In a future blog we will discuss more about developing a Reference Design Architecture that aligns with improving Security Capability Maturity and evolves as part of the Adaptive Security Architecture Lifecycle.

Thanks for your interest!

Nige the Security Guy.

Security Health Check

Security Health Check

Many companies have the notion that “once secure, always secure.” But this head-in-the-sand attitude could be detrimental to the health and security of your business. The reality is that security incidents are on the rise, and attackers are more sophisticated and better financed than ever before. Your company might already be a victim, and you don’t even know it.

Security HealthHow can you protect your information?

Security Assessment Baseline

Organizations should seek 3rd party independent and objective validation via regular security assessments, such as a Security Health Check. The main goal of a Security Health Check is to help avoid security compromises on hosts and network environments.  It is an assessment-only project which provides recommendations, no changes in the environment are ever made.

A Security Health Check enables organizations to obtain an accurate representation of the security posture and develop a customized security baseline. The baseline should be used in a cyclic and iterative process to evolve towards becoming more secure and thus compliance with associated policy and regulatory requirements. Security is a process not a destination.

Health Check

A Security Health Check should cover these fundamental process steps:

  • Baseline>Refresh – Identify/refresh objectives based on industry, policy, regulations, risk tolerance, and so on
  • Snapshot – Security Program Assessment, Technical Security Assessment, Penetration Testing
  • Scorecard – Standards or Compliance-based Security Report and Executive Presentation
  • Workshop – Validate Findings and develop Prioritized Remediation Action Plan based on Risk/Threat
  • Roadmap – Annual Plan of Next Steps based on Budget and Resources

There are two key yet highly complementary approaches to network security testing: the “black-box” zero-knowledge  external penetration study and the “white-box” onsite security vulnerability assessment.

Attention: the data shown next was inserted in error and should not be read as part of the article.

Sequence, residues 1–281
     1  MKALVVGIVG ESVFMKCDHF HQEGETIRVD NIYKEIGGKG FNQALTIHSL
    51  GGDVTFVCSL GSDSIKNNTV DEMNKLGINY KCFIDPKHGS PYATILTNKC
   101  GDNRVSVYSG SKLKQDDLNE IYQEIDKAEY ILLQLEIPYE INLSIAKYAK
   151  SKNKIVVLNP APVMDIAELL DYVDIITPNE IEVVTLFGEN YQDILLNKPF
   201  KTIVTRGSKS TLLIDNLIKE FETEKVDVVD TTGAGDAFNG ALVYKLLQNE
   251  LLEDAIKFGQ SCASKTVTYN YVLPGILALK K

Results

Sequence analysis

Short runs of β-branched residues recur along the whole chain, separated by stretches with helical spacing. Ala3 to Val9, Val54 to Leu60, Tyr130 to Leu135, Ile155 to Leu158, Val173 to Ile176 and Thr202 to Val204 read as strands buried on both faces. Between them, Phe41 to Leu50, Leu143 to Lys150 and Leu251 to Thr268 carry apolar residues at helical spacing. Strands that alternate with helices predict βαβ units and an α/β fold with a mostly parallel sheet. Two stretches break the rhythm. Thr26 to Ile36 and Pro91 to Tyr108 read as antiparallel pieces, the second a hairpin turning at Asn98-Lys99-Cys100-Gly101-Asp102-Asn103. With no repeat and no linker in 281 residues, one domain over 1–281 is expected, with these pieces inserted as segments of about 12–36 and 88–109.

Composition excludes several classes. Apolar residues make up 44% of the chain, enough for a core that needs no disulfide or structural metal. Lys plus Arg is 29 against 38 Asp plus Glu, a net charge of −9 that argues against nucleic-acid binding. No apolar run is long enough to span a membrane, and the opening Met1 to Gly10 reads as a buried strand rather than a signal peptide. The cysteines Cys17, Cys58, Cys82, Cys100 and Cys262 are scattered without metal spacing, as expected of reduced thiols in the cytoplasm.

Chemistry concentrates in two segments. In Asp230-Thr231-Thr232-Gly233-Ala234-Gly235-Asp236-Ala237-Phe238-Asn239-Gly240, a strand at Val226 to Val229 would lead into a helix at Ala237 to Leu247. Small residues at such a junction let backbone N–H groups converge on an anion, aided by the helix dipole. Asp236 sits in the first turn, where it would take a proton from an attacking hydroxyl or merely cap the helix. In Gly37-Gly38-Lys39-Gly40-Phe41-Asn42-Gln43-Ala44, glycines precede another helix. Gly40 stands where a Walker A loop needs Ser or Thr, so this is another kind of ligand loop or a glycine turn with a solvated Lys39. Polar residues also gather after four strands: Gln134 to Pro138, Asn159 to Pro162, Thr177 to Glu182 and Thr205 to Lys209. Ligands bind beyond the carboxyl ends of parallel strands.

White-Box Testing

In the “white-box” approach, 3rd party consultants validate your company’s security policy, review the design and implementation of  internal security controls, network security perimeter, defense-in-depth strategy, and determine common vulnerabilities and exposures  from an internal perspective. The consultants determine possible attacks against your environment and identify security problems and  process maturity.

White Box

Black-Box Testing

In the complementary “black-box” approach, the consultant operates knowing only the name and address of your company. The team will identify, scan, and probe your network security perimeter for common vulnerabilities and exposures, much as a hacker would. The external penetration study provides real-world attack experience utilizing commonly used hacker scanning, manual techniques and attack tools to determine security exposures and vulnerabilities.

Black Box

The testing is conducted in parallel with the onsite security assessment team and is coordinated closely with the project manager. The penetration study methodology is typically based upon and uses subsets of, as follows:

  • Penetration Testing Execution Standard (PTES)
  • Open-Source Security Testing Methodology Manual (OSSTM)
  • INFOSEC Assessment Capability Maturity Model (IA-CMM)

Security Scorecard

A Security Scorecard should consist of detailed penetration study and security assessment reports together with executive summary slides. This package presents the findings and recommendations on identified Common Vulnerabilities and Exposures (CVE), regulatory and standards compliance gap matrices, and provides custom best-practices-based security strategy and summary scorecards.


Remediation Workshop

The collaborative workshop provides the opportunity onsite to review, validate, and prioritize the findings, and discuss methodology, best practices, and strategy recommendations to create an action plan. These results facilitate development of a comprehensive yet improving security program and annual lifecycle process. The workshop can often include security training on the techniques used by attackers to map, probe, and scan computers from the Internet or to increase user awareness and education.

Thanks for your interest!

Nige the Security Guy.